Exactly a year after Satyams disgraced founder B Ramalinga Raju came out with his confessional email admitting to the Rs 7,800-cr accounting fraud, the CBI on Thursday filed a second chargesheet against him and other accused in the case at the 14th Additional Chief Metropolitan Magistrate Court.
The latest charges were framed against them under Sections 120-B (criminal conspiracy), 409 (criminal breach of trust), 420 (cheating), 467 and 468 (forgery for the purpose of cheating), 471 ( use of forged documents as genuine) and 477-A (falsification of accounts) of the Indian Penal Code.
The 30-page chargesheet cites 32 documents and 26 witnesses. The entire documentation consists of 3,552 pages. Earlier, the CBI had filed the first chargesheet on April 7, 2009 and a supplementary chargesheet on November 24, 2009.
In the second chargesheet, the CBI submitted evidence to prove that the accused had filed false income tax returns with the intention of cheating shareholders and thereby, cause wrongful loss to M/s Satyam Computer Services Ltd (SCSL).
As per the chargesheet, the accused had inflated revenues of the company by creating false and fictitious sales invoices and showed the same as received and deposited in various scheduled banks.
Due to the inflated revenue and income in the form of interest on non-existent fixed deposits, an additional tax liability to the tune of Rs 526.37 crore was created on the company. Then by taking recourse to the provisions of Section 90 and 91 of the Income Tax Act., the accused in furtherance of the conspiracy showed higher tax remittances in foreign countries to get tax relief in India.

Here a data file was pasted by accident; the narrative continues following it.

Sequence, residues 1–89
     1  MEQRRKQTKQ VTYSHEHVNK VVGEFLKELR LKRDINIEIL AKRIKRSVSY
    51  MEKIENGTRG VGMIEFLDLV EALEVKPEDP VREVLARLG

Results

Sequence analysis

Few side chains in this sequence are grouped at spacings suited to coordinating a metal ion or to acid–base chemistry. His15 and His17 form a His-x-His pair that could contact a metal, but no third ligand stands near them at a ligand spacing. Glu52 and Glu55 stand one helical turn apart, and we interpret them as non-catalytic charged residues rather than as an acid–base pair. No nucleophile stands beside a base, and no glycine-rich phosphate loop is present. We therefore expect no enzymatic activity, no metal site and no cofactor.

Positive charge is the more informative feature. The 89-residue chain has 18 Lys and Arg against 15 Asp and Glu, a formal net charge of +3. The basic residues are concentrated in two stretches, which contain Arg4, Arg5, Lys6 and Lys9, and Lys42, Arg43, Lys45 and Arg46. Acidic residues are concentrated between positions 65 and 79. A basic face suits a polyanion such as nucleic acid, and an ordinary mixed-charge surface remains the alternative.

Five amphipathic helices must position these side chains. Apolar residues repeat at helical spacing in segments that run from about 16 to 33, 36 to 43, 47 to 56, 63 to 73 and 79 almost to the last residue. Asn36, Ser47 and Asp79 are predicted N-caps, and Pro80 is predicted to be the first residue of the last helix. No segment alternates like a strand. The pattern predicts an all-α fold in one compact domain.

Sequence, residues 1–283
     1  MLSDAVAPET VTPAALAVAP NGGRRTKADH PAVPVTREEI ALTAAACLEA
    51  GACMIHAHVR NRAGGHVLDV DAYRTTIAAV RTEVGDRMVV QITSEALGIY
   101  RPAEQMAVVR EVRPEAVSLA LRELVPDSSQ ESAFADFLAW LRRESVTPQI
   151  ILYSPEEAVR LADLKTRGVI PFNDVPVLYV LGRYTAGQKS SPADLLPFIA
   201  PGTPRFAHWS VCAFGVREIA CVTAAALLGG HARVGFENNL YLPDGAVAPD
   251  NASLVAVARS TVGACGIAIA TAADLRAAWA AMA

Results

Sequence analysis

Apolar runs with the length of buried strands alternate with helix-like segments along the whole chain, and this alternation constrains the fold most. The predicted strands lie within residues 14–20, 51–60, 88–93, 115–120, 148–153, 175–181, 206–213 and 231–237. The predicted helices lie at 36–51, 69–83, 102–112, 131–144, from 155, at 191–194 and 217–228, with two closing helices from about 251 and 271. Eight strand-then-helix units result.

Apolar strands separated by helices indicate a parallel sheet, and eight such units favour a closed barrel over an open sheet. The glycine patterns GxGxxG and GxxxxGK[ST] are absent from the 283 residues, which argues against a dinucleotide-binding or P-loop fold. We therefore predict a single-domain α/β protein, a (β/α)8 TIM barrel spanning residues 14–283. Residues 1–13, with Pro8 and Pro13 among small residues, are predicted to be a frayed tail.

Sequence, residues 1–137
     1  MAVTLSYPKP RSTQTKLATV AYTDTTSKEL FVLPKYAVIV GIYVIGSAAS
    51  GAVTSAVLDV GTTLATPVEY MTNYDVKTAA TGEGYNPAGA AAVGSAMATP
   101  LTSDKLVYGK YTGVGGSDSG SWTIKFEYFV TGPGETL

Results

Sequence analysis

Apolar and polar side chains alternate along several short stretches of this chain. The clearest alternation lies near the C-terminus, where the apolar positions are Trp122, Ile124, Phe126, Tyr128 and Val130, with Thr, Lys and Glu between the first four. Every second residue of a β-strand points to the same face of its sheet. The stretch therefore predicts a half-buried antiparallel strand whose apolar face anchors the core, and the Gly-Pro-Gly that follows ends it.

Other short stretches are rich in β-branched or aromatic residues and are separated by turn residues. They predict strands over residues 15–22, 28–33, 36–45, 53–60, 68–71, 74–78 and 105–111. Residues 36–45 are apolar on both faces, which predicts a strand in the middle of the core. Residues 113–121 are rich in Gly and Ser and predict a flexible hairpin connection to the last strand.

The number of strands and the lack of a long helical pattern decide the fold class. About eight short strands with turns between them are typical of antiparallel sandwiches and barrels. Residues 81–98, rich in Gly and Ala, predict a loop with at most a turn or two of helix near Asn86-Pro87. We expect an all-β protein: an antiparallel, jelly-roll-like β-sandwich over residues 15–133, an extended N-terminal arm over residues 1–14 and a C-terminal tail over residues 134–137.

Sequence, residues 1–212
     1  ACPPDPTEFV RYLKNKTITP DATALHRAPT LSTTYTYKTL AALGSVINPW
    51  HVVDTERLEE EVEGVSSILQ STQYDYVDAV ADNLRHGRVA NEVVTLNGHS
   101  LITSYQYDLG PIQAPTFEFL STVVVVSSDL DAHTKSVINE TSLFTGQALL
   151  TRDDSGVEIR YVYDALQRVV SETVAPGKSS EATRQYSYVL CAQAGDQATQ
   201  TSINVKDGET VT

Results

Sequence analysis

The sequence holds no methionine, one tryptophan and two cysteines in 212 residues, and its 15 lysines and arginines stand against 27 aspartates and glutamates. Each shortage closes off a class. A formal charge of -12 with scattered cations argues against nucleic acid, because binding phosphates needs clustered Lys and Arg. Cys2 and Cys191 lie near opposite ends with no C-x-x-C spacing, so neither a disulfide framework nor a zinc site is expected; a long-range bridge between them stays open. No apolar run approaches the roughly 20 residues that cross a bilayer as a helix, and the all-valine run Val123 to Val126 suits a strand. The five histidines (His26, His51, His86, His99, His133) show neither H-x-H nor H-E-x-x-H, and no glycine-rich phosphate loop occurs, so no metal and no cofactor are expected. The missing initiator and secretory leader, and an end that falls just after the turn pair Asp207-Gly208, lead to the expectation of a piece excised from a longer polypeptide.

This, they achieved by showing income under nonexistent revenue as part of the income of the overseas branches of M/s SCSL while filing income tax returns in India.
Similarly, while filing income tax returns in foreign countries, the non-existent income towards interest on non-existent fixed deposits was not included in the income declared to the tax authorities in those countries and no additional tax was paid.
In doing so, the higher tax remittances to the tune of Rs 329.58 crore were shown as if paid in overseas tax remittances while filing returns in India.
Through this modus operandi, the accused could not completely set off the additional tax liability created on the company and therefore, in furtherance of the conspiracy, they dishonestly made tax payments by way of self-assessment tax and in some cases, not making lawful claim for refund of TDS.
The accused also squandered the money in violation of the trust bestowed on them by the shareholders of the company in order to conceal inflated income figures.
By this process, they caused an estimated loss of Rs 126.57 crore to the company.